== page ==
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US Military's standards for how long a soldier can go without food?

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I've been trying to find the US Military's guidelines or standard for how long a soldier can go without food, for any branch of the military.

Is there any such recommendation, as to how long a man can go without food (and what activity level he can be expected to perform to)?

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This post was sourced from https://outdoors.stackexchange.com/q/17896. It is licensed under CC BY-SA 3.0.

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2 answers

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I see that nobody has weighed in on this, I think because there is an old saying that "an army marches on its stomach" (N. Bonaparte). The armies of the world would probably focus more on how to get nutrition, rather than how long it is ok to be without. Due to physiological differences (I'm not a doctor BTW) between individuals, there is sure to be a wide range of tolerance for starvation before different humans are unable to function to whatever degree is your benchmark.

I have some experience through my brother who coaches wrestlers. These young men routinely starve themselves to make lower weight classes, all while working incredibly hard and expending extraordinary amounts of energy. When I expressed my concern about long-term health effects, my brother said something that made some sense to me: "Humans are genetically built to be able to keep working through periods of fasting, how long depends on their mental and physical fortitude".

This post was sourced from https://outdoors.stackexchange.com/a/17899. It is licensed under CC BY-SA 3.0.

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TL; DR - I don't think there are any actual existing guidelines for how long a soldier can go without food. There are recommended minimums for various operational capacities. As has been pointed out already, water is of much more importance, and there are numerous performance studies showing athletic impairment at levels as low as 5% dehydration.

Long answer:

I cannot find (And having been in the medical side of the military for 10 years I do not remember any minimum guidelines on food deprivation) anything current mandating that soldiers cannot go more than X days without food.

However, the minimum caloric needs of soldiers and various Special Forces (SF) units around the world has been studied quite a bit, as well as what happens with physical and cognitive performance in periods of both sleep and food deprivation. You could compare that with the extreme limits of food deprivation before death and come to an answer.

I apologize in advance, some of these I do not have access to the full study.

This study looked at both food and sleep deprivation (Admittedly for a civilian group going through survival training), and concluded that within 24 hours, subjects showed marked decline in several cognitive areas. Food deprivation was less dramatic than was sleep deprivation. (And this has been proven in real world studies, many people start hallucinating with sleep deprivation long before food deprivation would have an effect).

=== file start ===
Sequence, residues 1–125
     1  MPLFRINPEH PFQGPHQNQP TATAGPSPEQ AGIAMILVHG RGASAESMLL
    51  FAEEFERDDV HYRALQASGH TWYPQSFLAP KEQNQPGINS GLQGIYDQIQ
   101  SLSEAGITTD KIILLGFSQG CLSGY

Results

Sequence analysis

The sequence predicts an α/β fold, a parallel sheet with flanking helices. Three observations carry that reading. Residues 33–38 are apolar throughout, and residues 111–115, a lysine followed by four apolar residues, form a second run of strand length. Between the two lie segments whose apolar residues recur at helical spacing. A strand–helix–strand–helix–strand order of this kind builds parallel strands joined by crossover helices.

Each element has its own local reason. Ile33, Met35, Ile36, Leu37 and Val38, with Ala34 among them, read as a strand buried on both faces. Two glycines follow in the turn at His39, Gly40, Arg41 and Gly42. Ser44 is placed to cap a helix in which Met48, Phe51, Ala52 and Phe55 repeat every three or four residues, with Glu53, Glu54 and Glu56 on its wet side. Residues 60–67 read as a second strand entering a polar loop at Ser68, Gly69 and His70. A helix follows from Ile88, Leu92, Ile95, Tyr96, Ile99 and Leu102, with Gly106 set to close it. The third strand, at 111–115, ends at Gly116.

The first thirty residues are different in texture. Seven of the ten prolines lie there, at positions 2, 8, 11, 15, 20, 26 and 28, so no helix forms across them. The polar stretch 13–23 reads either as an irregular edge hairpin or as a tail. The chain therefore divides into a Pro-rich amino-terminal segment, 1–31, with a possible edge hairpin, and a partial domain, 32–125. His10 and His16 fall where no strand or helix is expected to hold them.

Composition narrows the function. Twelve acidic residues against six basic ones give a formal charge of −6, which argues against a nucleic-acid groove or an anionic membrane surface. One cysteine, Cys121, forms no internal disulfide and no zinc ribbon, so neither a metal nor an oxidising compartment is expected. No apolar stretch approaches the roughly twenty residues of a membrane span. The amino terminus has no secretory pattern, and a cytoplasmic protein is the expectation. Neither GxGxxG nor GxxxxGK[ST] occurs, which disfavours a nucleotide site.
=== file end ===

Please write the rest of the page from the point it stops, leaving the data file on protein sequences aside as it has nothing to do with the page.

This is one of the better studies I found, as it compared energy requirements over different SF groups in different regions, as well as under different stresses. The section for the US Rangers showed a daily calorie deficit of 1200 calories (The data is given in MJ, which is ~ 240 kilocalories) per day. They showed a surprising amount of weight loss (16% vs an expected 10%), but not as much strength loss as they expected. This was not, however, complete deprivation but merely shortage, and presumably balanced nutrition for what they did get.

A very interesting paragraph:

Soldiers provided an additional 1.7 MJ/day supplement during the 8-week Ranger course converted approximately half of the additional food energy to body energy stores, and used the remainder to fuel higher energy expenditure [8]. This presumably reflects a lifting of the ceiling on TEE that is imposed by inadequate intakes, as in studies of undernourished Columbian school children playing soccer alongside adequately nourished children [27], when energy intake appeared to limit work performance. Earlier studies of laborers, such as sugar cane cutters and road builders, also support the idea that inadequate energy intake constrains energy expenditure 2.

This suggests that when in a period of caloric deficit, the body limits the amount you can do before exhaustion, and when calories are restored, the activity level also rebounds.

I admit, I did not read the entire chapter, but most of the methods for establishing MDRI (Military Dietary Reference Intakes, or RDA for soldiers) can be found here, albeit slightly dated (2006).

This PDF from 2001 does give a minimum of 1500 kilocalories for restricted rations, which suggests that at a minimum, soldiers must get that amount on a daily basis to be able to function at any operable level. You might be able to extrapolate from that how long without food before a soldier becomes unable to function (Again, paying attention to the water factor).

If you are interested in pursuing the research rabbit hole, there are numerous linked studies cited as reference in the studies I linked, and google scholar will have many available for perusal. I realize this doesn't quite answer the full question, but it's like trying to prove a negative, I'm not sure they even exist in the form you are seeking.

This post was sourced from https://outdoors.stackexchange.com/a/17944. It is licensed under CC BY-SA 3.0.

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